US 7484990 B1
A cable retention device coupled at one end to a connector housing, having a tubular grip disposed at a second end for securing a cable at or near its strain-relief boot.
1. A cable retention device for retaining connection of a cable having a strain-relief boot in a connected position, said cable retention device comprising:
a segment having a first and second end;
said first end being coupled to a connector, and
a grip for grasping a major portion of the circumference of said cable at or near its strain-relief boot,
said grip includes a substantially tapered internal diameter for applying increasing interference fit directly with said major portion of the circumference of said cable.
2. The cable retention device of
3. The cable retention device of
4. The cable retention device of
said grip comprises a substantially C-shaped cross section, and
a series of parallel or spiraled grooves is formed on the internal surface of said grip.
5. A method of retaining a cable having a strain-relief boot in a connected position, said method comprising the steps of:
(1) providing a segment having a first and second end;
(2) coupling said first end to a connector;
(3) grasping a major portion of the circumference of said cable at or near its strain-relief boot, when said cable is connected to said connector;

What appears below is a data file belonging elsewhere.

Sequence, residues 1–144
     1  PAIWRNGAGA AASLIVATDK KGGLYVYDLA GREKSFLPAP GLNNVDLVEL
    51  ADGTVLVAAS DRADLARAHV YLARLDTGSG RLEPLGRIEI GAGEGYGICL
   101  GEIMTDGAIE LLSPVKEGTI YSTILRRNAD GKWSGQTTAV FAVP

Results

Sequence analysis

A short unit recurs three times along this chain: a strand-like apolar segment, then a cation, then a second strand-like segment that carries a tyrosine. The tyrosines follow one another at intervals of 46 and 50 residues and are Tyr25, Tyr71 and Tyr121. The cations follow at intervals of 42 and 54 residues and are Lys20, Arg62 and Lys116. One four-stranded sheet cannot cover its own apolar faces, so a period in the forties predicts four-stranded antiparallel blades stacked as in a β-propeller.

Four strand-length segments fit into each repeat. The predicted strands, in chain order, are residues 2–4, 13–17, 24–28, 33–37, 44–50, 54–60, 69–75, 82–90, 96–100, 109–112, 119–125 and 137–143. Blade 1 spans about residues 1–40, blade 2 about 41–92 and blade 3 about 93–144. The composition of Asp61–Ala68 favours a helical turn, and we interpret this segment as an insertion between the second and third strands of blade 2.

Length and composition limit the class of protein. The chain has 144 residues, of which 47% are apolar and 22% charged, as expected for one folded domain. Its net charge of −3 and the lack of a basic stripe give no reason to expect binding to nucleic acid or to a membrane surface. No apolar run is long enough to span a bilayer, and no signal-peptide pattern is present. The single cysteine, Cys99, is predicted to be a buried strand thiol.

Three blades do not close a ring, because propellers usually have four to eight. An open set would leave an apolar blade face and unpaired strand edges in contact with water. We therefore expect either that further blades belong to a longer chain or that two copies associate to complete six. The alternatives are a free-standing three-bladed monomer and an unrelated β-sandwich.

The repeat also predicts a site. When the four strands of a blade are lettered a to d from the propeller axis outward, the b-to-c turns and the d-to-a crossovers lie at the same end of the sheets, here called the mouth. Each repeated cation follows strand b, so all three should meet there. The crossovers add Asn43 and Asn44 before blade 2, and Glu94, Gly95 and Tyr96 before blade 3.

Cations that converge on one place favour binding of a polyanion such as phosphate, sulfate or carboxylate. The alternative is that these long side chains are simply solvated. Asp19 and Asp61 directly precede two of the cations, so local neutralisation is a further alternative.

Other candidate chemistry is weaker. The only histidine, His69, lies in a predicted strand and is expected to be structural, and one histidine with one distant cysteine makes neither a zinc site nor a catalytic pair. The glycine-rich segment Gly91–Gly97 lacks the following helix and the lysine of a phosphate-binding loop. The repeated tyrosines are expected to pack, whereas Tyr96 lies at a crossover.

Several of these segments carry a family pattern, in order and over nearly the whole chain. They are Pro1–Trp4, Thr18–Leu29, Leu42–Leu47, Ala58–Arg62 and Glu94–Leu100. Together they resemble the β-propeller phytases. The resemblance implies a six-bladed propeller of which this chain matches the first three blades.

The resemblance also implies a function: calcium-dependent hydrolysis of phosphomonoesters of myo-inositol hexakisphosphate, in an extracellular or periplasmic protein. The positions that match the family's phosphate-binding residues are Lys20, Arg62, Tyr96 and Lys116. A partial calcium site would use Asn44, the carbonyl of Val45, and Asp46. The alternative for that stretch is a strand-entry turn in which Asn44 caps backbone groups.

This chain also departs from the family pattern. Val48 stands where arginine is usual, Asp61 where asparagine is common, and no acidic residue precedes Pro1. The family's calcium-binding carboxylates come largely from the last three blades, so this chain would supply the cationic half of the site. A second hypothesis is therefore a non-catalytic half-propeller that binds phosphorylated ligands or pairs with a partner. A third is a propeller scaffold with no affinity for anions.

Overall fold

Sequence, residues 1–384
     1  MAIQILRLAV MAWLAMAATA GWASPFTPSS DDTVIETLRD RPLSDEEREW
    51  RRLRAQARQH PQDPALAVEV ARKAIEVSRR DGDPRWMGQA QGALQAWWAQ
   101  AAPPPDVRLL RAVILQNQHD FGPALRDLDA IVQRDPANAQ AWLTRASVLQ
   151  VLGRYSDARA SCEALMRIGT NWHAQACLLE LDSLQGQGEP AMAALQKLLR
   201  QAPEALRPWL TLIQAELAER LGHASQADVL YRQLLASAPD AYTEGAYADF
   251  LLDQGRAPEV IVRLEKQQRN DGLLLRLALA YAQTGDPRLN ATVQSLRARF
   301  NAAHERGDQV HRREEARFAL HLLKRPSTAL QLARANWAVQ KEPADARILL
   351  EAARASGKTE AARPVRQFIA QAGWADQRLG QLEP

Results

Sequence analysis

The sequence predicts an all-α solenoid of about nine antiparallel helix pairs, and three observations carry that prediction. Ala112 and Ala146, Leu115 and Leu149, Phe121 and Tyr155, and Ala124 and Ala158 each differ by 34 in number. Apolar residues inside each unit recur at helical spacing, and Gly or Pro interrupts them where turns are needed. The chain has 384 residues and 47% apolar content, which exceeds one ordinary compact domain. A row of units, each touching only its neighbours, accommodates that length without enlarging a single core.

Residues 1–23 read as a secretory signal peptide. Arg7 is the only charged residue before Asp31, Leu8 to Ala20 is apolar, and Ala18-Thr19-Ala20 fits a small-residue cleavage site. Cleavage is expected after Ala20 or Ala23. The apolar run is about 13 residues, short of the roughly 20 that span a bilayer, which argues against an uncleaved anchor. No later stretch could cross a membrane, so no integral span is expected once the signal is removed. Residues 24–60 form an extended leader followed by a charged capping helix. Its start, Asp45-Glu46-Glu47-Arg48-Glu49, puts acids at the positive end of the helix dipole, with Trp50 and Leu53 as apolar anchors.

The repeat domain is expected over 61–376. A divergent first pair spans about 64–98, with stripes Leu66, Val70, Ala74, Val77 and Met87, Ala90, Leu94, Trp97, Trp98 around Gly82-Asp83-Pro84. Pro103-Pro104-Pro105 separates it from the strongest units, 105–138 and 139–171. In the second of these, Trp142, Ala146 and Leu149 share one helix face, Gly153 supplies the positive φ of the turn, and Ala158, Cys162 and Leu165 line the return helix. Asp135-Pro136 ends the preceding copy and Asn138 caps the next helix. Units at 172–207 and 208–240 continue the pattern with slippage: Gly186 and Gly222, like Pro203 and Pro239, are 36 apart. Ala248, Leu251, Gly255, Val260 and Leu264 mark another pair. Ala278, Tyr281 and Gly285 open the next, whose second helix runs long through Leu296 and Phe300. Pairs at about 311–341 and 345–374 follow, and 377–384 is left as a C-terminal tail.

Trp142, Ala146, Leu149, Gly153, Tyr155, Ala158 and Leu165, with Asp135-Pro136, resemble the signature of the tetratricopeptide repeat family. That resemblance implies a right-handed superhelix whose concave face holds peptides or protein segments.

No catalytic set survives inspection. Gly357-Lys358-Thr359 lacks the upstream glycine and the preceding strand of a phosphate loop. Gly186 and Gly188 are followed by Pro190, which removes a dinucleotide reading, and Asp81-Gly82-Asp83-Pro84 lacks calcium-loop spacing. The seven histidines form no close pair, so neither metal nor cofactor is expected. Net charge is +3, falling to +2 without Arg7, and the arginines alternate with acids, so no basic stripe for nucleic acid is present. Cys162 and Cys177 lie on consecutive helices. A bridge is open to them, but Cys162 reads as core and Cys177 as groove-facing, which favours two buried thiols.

(4) applying increasing interference fit directly to said major portion of the circumference of said cable.
The present invention relates to interconnection of electrical signal cables. In particular, the present invention provides a retention device for securing coupling of cable connectors.
The rapid advance of technology continues to drive the proliferation of different types of cables and connectors. As new standards are promulgated and adopted, so new cables are designed and sold. In a typical household, it is not uncommon to find a computer, a home theater system, and assorted other electronic devices. Associated with these devices are many cable types such as USB, Firewire, UDP, HDMI, RCA, etc.
Any cable connection is susceptible to events that may dislodge it and thereby disrupt its intended purpose. Such events may also damage the cable or its socket, or potentially degrade their functionality. Furthermore, even if no damage occurs, the user must go through the hassle of reconnecting the cable. If the location of the connection is easily accessible, this may be a minor inconvenience. However, the tendency in modern design is to place cables so that they are unobtrusive or altogether hidden. Often this means that cables are connected in places that are difficult to reach, such as behind furniture or in walls or ceilings. Thus, reconnecting a dislodged cable can present quite a problem for the user.
To deal with this problem, some cable connector designs include mechanisms to help prevent their disconnection. For example, a typical serial port connection for a computer is secured by a couple of screws located adjacent to the connector. However, many cable connector types, such as USB and HDMI, do not have adequate security for preventing dislodgement or poor coupling and pin connections. These connectors are held in place by little more than the friction and rigidity of the pin-to-socket connection and connector shell portions surrounding the pins and sockets, all of which having varying and depletable degrees of inference fit.